Considered the core element of any estate plan, the last will is a written document that outlines someone’s wishes regarding his or her assets and heirs/beneficiaries upon death. Does Florida law require a will to be recorded upon the testator’s passing? Read on to find out.
Does a Will Need to be Recorded in Florida? – The Verdict
When someone dies in Florida, that deceased’s will must be recorded. Florida Statutes §732.901 (1) specifies that “the custodian of a will must deposit the will with the clerk of the court having venue of the estate of the decedent within 10 days after receiving information that the testator is dead.”
Also, “the custodian must supply the testator’s date of death or the last four digits of the testator’s social security number to the clerk upon deposit.”
Florida Statutes §732.901 (2) provides that “the custodian of any will may be compelled to produce and deposit the will. All costs, damages, and a reasonable attorney’s fee shall be adjudged to petitioner against the delinquent custodian if the court finds that the custodian had no just or reasonable cause for failing to deposit the will.”
Last Will vs. Florida Probate – As Provided by Law
Once the will is properly recorded within the statutory period, a Florida court will determine the document’s validity. The person creating the will (testator) must follow the procedures set by state law to meet the validity requirements.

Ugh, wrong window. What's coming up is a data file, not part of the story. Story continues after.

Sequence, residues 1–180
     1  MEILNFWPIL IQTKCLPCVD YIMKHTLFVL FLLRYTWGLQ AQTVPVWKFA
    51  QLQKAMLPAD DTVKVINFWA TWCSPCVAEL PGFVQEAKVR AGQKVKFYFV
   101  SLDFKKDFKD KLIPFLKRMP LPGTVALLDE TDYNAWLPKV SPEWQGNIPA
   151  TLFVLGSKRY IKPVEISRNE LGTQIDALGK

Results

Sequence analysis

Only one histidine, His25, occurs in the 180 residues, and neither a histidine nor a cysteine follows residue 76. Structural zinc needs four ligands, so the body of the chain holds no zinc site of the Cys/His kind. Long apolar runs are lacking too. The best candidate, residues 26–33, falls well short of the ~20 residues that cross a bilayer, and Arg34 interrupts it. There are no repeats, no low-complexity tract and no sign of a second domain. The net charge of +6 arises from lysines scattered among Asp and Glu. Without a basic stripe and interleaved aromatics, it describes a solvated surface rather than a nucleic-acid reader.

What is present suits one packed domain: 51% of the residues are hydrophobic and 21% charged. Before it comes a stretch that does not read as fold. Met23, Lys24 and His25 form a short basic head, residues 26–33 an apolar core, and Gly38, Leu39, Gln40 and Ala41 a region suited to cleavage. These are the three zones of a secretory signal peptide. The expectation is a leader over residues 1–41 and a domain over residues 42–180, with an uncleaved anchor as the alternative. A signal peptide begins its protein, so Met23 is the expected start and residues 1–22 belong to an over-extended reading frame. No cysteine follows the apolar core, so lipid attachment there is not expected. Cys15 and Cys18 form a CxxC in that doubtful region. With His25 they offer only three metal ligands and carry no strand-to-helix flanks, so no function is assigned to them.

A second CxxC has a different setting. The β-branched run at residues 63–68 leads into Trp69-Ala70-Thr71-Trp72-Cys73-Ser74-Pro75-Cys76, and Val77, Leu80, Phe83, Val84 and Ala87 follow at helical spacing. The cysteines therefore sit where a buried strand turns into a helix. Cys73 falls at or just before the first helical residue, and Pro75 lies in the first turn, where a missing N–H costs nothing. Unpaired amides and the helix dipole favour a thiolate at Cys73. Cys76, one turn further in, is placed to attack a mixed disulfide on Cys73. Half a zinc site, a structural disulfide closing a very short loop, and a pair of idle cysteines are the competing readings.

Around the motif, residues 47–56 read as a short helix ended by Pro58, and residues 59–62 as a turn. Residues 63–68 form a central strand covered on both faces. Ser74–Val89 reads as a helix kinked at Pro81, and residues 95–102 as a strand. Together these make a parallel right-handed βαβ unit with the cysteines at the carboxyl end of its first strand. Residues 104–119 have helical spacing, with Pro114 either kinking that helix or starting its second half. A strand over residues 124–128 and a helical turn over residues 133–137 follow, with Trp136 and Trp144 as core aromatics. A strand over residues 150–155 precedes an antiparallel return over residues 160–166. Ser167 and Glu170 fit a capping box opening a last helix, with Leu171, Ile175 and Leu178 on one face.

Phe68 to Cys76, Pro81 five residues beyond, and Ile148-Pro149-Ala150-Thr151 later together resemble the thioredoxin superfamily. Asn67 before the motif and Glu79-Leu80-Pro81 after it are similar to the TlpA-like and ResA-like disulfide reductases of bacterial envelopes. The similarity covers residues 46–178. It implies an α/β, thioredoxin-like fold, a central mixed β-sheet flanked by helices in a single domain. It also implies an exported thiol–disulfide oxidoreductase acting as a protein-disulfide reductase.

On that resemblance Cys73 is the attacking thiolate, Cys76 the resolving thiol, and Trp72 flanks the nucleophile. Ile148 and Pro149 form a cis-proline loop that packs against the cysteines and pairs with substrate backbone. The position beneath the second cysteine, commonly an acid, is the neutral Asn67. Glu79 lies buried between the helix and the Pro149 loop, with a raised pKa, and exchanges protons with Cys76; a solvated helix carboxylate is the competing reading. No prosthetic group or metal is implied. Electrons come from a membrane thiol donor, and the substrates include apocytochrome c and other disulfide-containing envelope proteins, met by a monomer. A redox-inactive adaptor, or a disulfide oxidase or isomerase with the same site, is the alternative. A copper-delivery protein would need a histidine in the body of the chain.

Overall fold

The first element of a valid will is the testamentary capacity, which refers to the legal ability to make a will. Florida Statutes §732.501 expressly state that “any person who is of sound mind and who is either 18 or more years of age or an emancipated minor may make a will.”
Writing a will must be a voluntary decision, as the document may be declared void if it is a result of fraud, duress, or undue influence.
Florida law also establishes specific execution requirements to ensure the validity of wills. Florida Statutes §732.502(1)(a)(b) provides that “every will must be in writing and executed as follows:
- The testator must sign the will at the end, or
- The testator’s name must be subscribed at the end of the will by some other person in the testator’s presence and by the testator’s direction
- The testator’s signing, or acknowledgment that he or she has previously signed the will, or that another person has subscribed the testator’s name to it, must be in the presence of at least two attesting witnesses”
Florida Statutes §732.502(1)(c) requires that “the attesting witnesses must sign the will in the presence of the testator and the presence of each other.”
Should I Create a Florida Will on My Own? – An Honest Opinion
If you want a solid estate plan, you must have a well-written will in Florida. Even though it may sound simple to draft a will, it is not. Many individuals rely on ready-to-file forms found online, which is not the best approach.
Work with an experienced probate attorney to avoid vague language and legal mistakes, and draft a document tailored to your circumstances and wishes.